New York City’s 2019 Regional Brain Bee

Students from 23 schools across the five boroughs and Westchester County came together to test their smarts in the New York City Regional Brain Bee this past Saturday. Held in the Great Hall at The City College of New York, the 2019 competition concluded after eight rounds of five brain-related questions each, with the top three winners walking away with cash prizes, plaques, and the knowledge that they probably knew more about the brain than most of the audience.

From left: Bianca Jones Marlin, Ph.D. (judge), Daphna Shohamy, Ph.D. (moderator), Kelly Chan (first-place winner), Rainer Engelken, Ph.D. (judge), Nafew Mustafa (third-place winner), Amelia Korniyenko (second-place winner), Jerome Staal, Ph.D. (judge), and Kathleen Roina (BAW Director). Photo: Jacqueline Silberbush

“The New York City Regional Brain Bee competition is in celebration of Brain Awareness Week,” said Kathleen Roina, director of outreach and education at the Dana Foundation, in her welcoming remarks. “The global campaign was created by the Dana Alliance to advance public understanding about the brain and the promise of brain research.” The Brain Bee is just one of many Brain Awareness Week activities designed to help students become more interested and active in learning about the brain and the research surrounding it.

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Eric Kandel is Alan Alda’s Podcast Guest

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Image courtesy of Alda Communication Training Co.

On the latest episode of the Clear + Vivid podcast, host Alan Alda, well-known actor, writer, and, in recent years, crusader of science outreach, sits down with old friend and Dana Alliance for Brain Initiatives member Eric R. Kandel, director of the Kavli Institute for Brain Science at Columbia University and author of The Disordered Mind: What Unusual Brains Tell Us About Ourselves. Kandel speaks to Alda about his work, the satisfaction of connecting with audiences, and fleeing Austria in the aftermath of its annexation to Nazi Germany.

The podcast focuses on communication and connection. It’s through conversations with individuals holding mastery in various fields that Alda guides the listener, stopping to appreciate peaks and valleys of the art form. In this, Alda and Nobel Laureate Kandel find and sustain a relaxed stride, offering listeners morsels of wisdom: The importance of being mindful of your audience, focusing on one person and changing your approach based on their responses (favorable or not); the role of laughter in forming connections; and the delicate dance of simplifying your ideas to a lay audience without treading on and distorting the science. Continue reading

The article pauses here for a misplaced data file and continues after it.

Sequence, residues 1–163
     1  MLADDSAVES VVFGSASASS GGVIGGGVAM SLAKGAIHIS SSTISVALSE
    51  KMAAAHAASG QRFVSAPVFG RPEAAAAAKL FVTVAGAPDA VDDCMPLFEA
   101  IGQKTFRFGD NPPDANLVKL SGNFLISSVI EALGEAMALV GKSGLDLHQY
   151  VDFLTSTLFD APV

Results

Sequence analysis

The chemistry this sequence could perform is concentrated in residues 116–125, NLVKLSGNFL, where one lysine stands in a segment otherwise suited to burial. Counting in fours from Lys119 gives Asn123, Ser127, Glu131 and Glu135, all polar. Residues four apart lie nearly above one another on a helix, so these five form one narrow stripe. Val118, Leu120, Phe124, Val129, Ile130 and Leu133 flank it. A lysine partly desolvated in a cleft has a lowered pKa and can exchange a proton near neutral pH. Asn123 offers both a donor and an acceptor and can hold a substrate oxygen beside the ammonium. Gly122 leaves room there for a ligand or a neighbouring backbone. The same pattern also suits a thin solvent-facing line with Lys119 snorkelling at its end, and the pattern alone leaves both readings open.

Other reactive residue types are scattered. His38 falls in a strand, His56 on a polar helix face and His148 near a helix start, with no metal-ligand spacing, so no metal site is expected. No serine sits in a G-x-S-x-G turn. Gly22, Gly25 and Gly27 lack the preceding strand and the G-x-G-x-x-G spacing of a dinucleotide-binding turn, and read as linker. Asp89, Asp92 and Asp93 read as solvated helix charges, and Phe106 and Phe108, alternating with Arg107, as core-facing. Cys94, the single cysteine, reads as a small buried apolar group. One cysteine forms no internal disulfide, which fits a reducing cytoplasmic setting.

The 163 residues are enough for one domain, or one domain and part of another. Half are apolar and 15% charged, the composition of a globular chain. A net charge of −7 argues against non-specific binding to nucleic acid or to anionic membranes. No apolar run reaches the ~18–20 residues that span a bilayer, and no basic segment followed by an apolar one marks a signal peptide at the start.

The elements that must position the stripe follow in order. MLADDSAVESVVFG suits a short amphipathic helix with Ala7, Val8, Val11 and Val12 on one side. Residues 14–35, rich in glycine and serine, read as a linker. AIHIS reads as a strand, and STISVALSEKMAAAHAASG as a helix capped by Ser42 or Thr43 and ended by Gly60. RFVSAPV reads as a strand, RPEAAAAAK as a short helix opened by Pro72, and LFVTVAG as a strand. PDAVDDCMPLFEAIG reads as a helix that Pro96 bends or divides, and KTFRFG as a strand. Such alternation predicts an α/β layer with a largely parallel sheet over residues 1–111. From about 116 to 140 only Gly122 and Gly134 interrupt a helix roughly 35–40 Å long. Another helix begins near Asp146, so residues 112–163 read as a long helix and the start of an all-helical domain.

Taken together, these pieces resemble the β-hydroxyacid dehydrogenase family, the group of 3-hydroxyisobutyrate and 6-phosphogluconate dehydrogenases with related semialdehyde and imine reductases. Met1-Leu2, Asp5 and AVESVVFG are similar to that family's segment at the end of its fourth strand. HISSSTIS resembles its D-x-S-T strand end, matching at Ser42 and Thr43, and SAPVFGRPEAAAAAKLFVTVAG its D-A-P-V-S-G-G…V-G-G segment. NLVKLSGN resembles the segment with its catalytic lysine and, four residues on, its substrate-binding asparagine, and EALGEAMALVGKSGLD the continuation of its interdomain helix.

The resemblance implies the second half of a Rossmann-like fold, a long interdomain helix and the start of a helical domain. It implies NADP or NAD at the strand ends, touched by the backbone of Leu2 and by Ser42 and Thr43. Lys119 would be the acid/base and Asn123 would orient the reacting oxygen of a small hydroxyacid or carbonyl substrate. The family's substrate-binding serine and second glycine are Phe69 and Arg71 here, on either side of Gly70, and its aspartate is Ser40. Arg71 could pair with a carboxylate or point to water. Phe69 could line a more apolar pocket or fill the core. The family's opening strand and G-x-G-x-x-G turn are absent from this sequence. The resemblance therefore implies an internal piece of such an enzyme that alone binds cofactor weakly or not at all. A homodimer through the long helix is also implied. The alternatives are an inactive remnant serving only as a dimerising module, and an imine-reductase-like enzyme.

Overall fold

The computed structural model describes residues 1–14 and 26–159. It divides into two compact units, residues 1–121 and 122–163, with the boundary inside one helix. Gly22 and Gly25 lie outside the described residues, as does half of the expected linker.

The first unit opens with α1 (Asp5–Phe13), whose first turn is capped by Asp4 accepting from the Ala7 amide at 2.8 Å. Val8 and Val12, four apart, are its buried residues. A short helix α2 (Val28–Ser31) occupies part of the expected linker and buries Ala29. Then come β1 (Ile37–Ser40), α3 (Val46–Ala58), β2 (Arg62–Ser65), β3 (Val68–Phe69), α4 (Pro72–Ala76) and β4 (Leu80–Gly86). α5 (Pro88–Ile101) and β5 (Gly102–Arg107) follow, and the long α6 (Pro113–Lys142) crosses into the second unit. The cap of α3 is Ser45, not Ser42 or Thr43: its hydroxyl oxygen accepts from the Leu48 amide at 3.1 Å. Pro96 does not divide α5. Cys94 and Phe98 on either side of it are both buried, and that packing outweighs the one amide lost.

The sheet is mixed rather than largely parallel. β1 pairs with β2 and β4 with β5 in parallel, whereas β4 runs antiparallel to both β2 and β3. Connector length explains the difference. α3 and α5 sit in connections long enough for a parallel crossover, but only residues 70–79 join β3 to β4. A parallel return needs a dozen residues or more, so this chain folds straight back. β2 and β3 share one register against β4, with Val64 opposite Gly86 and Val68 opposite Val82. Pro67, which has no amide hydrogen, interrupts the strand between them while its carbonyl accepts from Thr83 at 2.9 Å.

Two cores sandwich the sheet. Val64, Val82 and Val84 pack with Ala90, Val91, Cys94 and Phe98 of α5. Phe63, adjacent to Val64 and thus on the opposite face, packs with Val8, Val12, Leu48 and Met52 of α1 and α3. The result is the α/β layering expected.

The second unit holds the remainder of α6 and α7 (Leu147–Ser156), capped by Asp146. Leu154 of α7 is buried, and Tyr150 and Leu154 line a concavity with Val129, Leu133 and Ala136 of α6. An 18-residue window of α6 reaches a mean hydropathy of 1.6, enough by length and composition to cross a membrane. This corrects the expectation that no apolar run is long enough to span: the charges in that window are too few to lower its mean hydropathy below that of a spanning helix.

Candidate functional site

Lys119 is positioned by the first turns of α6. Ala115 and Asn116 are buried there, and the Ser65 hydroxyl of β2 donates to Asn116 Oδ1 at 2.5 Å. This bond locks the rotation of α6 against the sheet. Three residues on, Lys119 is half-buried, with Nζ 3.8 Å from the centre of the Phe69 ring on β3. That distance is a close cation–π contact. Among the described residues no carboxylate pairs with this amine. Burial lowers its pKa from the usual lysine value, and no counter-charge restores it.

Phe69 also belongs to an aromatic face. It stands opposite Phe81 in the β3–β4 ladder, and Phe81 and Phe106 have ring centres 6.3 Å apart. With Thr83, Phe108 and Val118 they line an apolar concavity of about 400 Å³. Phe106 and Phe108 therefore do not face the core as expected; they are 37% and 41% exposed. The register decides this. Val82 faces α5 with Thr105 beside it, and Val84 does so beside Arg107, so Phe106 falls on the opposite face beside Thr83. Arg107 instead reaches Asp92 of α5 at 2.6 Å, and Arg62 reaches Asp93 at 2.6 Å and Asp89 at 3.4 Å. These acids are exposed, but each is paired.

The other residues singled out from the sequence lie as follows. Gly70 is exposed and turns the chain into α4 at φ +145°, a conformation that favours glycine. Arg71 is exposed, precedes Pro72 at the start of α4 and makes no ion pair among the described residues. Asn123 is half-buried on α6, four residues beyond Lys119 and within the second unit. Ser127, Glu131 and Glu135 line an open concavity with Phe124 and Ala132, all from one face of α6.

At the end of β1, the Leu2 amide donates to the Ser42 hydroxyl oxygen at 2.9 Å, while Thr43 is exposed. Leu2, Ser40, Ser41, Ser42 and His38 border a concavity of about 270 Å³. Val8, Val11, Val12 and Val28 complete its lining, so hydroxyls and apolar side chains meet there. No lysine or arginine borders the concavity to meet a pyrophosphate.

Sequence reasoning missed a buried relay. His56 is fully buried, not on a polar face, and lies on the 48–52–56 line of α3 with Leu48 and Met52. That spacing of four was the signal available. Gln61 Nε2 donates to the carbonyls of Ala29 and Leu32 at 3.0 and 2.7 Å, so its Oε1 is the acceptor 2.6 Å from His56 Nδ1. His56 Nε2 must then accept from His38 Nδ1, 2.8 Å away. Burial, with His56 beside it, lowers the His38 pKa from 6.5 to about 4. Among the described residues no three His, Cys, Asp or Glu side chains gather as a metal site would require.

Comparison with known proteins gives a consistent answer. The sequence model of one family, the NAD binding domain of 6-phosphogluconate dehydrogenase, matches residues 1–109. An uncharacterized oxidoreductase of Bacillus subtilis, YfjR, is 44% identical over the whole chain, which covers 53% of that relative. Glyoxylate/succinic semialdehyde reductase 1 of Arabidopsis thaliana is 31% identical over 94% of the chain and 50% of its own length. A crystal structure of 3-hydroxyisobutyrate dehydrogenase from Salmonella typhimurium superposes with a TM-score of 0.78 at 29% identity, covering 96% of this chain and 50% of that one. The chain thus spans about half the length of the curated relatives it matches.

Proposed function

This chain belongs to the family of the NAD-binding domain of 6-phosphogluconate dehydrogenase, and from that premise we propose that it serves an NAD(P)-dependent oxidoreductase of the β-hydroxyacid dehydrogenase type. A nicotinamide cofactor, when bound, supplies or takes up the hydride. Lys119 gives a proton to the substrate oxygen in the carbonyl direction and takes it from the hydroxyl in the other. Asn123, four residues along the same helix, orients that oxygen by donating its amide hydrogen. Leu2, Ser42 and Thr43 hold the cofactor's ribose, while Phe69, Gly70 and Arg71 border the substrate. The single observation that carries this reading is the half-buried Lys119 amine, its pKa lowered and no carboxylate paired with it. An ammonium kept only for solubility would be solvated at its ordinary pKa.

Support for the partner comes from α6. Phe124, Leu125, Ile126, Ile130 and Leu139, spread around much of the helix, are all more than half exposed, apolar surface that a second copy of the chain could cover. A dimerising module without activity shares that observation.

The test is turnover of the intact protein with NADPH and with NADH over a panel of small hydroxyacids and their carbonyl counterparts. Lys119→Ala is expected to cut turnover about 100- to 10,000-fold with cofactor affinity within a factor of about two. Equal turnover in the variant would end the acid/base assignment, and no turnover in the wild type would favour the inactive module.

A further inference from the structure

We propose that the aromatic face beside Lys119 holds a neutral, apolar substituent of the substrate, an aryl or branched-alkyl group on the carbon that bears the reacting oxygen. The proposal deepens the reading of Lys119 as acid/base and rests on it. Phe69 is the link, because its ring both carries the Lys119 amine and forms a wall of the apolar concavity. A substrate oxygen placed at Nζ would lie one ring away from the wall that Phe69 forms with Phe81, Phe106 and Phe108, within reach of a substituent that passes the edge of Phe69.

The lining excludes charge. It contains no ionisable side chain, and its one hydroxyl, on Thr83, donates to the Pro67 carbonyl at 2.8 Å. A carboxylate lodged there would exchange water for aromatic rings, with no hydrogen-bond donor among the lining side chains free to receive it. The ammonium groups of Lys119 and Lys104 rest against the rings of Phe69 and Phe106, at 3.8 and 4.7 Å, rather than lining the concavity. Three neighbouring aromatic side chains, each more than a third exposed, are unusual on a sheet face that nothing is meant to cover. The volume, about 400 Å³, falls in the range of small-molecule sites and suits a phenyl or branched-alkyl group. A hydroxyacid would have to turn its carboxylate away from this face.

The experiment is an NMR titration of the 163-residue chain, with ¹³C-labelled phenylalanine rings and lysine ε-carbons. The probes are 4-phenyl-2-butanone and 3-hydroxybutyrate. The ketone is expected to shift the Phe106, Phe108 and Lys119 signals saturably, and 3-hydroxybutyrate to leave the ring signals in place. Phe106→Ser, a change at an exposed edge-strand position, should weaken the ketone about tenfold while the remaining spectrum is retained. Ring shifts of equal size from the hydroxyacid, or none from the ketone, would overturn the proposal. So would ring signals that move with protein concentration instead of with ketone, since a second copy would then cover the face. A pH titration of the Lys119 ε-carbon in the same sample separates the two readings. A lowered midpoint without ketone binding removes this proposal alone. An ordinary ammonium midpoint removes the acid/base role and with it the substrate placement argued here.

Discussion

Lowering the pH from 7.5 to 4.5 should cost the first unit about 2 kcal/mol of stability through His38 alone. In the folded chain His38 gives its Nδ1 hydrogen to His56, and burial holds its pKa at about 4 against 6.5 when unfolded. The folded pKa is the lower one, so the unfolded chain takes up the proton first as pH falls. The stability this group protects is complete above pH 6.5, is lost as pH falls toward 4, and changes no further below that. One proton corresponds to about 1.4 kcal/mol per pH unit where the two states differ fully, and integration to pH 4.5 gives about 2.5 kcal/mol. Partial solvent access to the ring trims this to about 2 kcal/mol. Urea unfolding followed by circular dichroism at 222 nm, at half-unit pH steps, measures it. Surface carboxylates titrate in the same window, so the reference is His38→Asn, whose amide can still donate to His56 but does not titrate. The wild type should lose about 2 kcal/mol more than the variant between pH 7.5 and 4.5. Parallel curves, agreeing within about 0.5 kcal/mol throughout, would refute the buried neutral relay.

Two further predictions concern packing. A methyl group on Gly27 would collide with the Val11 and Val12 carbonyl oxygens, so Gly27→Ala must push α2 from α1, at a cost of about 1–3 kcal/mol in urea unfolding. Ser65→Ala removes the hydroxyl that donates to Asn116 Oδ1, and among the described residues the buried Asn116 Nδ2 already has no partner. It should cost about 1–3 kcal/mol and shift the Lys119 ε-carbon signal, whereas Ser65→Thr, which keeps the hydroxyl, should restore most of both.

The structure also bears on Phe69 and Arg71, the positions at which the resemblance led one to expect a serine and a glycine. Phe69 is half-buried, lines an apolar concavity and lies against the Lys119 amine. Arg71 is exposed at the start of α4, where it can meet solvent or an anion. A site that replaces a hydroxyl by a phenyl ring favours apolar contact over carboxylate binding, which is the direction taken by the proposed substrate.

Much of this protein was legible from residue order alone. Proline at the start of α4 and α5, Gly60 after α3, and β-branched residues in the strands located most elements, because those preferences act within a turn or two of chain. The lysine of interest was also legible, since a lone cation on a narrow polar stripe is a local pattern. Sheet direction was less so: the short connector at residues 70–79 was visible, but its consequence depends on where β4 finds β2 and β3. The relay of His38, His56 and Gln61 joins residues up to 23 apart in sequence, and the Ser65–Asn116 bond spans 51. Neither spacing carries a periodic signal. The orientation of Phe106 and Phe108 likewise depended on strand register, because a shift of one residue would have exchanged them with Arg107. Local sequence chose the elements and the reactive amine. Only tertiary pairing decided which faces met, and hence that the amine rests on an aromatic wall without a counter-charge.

Memory as a Creative Act

Creativity (2).jpgDaphna Shohamy, Ph.D., is more comfortable in her lab at Columbia University than on stage in front of an audience. So why did she agree to participate in the 2018 Brainwave series for a live discussion? Because art and science are more alike than they seem, she said, and she wanted to help explain that.

The series pairs accomplished professionals with neuroscientists for a themed discussion at the Rubin Museum of Art in New York City. When asked who she would like as a partner for the discussion on the relationship between narrative/storytelling and memory, Shohamy knew right away she wanted to be paired writer Nicole Krauss, author of New York Times bestselling books Great House and The History of Love, because writers truly “understand the force of memory.”

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What Makes Us Who We Are: Neuroscience and the Self

The idea of the mind is a relatively modern concept. In medieval times, it was believed that people were divided in two parts, the physical body and the spiritual soul. With the emergence of the scientific revolution and thinkers such as John Locke, the mind and secular life became an important topic in discussions about self-awareness. Since then, we have been trying to understand not only what it means to possess a mind, but also the neuroscience behind it.

That was part of the message at “My Neurons, My Self,” a panel discussion at the World Science Festival in New York City. Three eminent neuroscientists and a philosopher provided insight into the “mind-brain” problem, focusing on what defines the self. “What we don’t have yet is a way of bridging mental experience with the brain in a coherent model that allows for mental intention; we still are a ways off from solving the mind-brain problem,” said George Makari, M.D., director of the Institute of the History of Psychiatry at Weill Cornell Medical College, in introducing the panel.

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Understanding How We Learn: Columbia’s Mind Brain Behavior Initiative

From who we marry to how we invest to the words we type, some of our most important decisions are based on how we process instantaneous feedback.

Daphna Shohamy, Ph.D., an assistant professor of psychology and founder and director of The Learning Lab at the Columbia University Mind Brain Behavior Initiative, focused on how the brain supports learning, memory, and decision-making in a lecture hosted by the initiative and sponsored by the Dana Foundation.

Shohamy began by showing two images side-by-side, one freezing terrain and the other, a sun-filled beach. She explained that at age 10, her family moved from Minneapolis to Tel Aviv, and the images depicted both environments. The stark differences between the cultures and her surroundings led her to wonder about the way we learn, and sent her on an academic path that would begin at Tel-Aviv University and include graduate work at Rutgers and Stanford universities before moving to Columbia University five years ago.

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